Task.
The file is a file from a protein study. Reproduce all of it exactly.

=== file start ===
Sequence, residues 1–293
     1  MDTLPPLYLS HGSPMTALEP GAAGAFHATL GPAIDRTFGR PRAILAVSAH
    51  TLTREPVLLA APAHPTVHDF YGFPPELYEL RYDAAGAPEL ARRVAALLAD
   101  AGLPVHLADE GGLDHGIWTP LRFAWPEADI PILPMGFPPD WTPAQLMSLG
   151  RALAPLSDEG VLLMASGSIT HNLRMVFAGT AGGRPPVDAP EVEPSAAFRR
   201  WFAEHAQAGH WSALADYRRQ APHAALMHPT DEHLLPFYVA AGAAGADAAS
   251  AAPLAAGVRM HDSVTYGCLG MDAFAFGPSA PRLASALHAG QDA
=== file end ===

Sequence, residues 1–293
     1  MDTLPPLYLS HGSPMTALEP GAAGAFHATL GPAIDRTFGR PRAILAVSAH
    51  TLTREPVLLA APAHPTVHDF YGFPPELYEL RYDAAGAPEL ARRVAALLAD
   101  AGLPVHLADE GGLDHGIWTP LRFAWPEADI PILPMGFPPD WTPAQLMSLG
   151  RALAPLSDEG VLLMASGSIT HNLRMVFAGT AGGRPPVDAP EVEPSAAFRR
   201  WFAEHAQAGH WSALADYRRQ APHAALMHPT DEHLLPFYVA AGAAGADAAS
   251  AAPLAAGVRM HDSVTYGCLG MDAFAFGPSA PRLASALHAG QDA